CONWAY — Incumbent Jeb Bradley (R-Wolfeboro) said he is planning to seek a seventh term in Senate District 3 seat.
“I made the decision a while ago,” Bradley said by phone May 27. “For me, it’s not a decision that I would make at the last minute.”
The filing period for public office in New Hampshire opens this Wednesday and runs through June 16.
Candidates must file with the Secretary of State if they are running for governor or U.S. senator (cost, $100); U.S. representative, $50; executive councilor, $25; state senator, cost $10; or a county office (sheriff, commissioner, attorney, etc., $10).
Those running for state representative can file with their local town clerk for $2. There is no fee for those signing up to run as a delegate for the state convention.
State Senate District 3 covers Albany, Bartlett, Brookfield, Chatham, Conway, Eaton, Effingham, Freedom, Hale’s Location, Hart’s Location, Jackson, Madison, Middleton, Milton, Moultonborough, Ossipee, Sandwich, Tamworth, Tuftonboro, Wakefield, Waterville Valley and Wolfeboro.
Bradley, 67, who serves on the Capital Budget, Energy and Natural Resources; Health and Human Services; and Rules and Enrolled Bills committees, said he plans to run on a standing platform.
“My priority is the same that it has always been since the day I was first elected to the New Hampshire House and then to the U.S. Congress and now in the New Hampshire Senate, and that is a growing economy that produces more jobs and higher pay for everybody in the state of New Hampshire,” said Bradley.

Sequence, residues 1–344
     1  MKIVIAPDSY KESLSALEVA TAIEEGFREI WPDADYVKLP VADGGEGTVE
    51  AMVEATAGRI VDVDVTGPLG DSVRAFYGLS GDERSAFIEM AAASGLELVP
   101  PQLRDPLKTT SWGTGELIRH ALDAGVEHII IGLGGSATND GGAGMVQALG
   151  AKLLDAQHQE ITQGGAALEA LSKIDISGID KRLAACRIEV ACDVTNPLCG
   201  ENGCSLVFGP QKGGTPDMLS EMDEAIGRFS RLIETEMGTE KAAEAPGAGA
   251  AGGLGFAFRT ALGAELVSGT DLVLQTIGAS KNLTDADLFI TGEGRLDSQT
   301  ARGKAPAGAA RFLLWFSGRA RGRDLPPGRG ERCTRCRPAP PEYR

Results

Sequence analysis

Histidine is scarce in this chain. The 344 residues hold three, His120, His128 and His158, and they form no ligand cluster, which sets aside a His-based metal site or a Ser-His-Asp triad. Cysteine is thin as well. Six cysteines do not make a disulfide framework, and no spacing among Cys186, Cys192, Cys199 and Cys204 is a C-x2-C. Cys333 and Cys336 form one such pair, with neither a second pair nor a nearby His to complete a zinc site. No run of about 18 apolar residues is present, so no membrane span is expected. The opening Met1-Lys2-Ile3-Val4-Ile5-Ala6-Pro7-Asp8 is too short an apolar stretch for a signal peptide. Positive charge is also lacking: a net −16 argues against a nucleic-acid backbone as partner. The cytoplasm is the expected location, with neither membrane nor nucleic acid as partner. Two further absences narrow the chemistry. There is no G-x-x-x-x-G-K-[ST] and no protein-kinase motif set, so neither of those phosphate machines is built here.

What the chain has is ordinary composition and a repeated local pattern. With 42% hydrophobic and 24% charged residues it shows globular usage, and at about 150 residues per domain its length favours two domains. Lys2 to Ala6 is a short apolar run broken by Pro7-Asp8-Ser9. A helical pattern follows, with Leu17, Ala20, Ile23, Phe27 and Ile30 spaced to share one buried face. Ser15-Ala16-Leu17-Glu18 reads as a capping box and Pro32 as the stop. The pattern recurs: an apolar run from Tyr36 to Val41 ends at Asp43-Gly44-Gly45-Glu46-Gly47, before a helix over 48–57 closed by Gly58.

“I have fought for things that have made New Hampshire more competitive.”
Bradley, who had been the Senate Majority Leader when the GOP held the majority, was challenged in the 2018 general election, held onto his seat, topping Chris Meier (D-Conway), 14,397 to 10,690.
Bradley also had to win a primary in 2018 in September to advance to the November election. He defeated Steven Steiner (R-Conway) 4,326 to 1,262.
Bradley has also served six terms in the N.H. House of Representatives and four years in the U.S. Congress.
With the COVID-19 pandemic, Bradley and his colleagues have spent much more time on the internet in conference meetings than under the Golden Dome in Concord.
“I do a conference call with Gov. (Chris) Sununu every week,” Bradley said.
“I know he’s trying to balance reopening with public health. The third leg of the stool is how all of us react.”
The Senate has 13 pages of priority bills to weigh in on between now and the end of June. Bradley sees a couple of priorities in PFAS water remediation need in the southern part of the state; there’s also a better broadband access bill related to COVID-19; and SB 619, a bill Bradley crafted that removes the sunset provision so patients can continue to have access to lifesaving oral chemotherapy treatment.
“I sponsored several years ago required insurance coverage for oral chemotherapy that is similar to coverage for intravenous chemotherapy,” he said. “That legislation ensured more affordable coverage for oral chemotherapy — absolutely critical for cancer patients. Due to opposition from the insurance industry, my prior legislation contained a sunset provision which, unfortunately, was necessary to ensure passage.”
Although it will be campaigning “like we’ve never seen before,” Bradley said he “loves constituent service” and hopes to win re-election.
“It’s been a really great honor to have served in the N.H. Senate for last 12 years,” he said. “I appreciate all of the people who have reached out to me during this pandemic to try to help them get the resources they need to survive economically. It’s an honor to be in the position that I’m in with the support of my beautiful bride (Karen) and our beautiful dog (Napoleon, a miniature poodle).”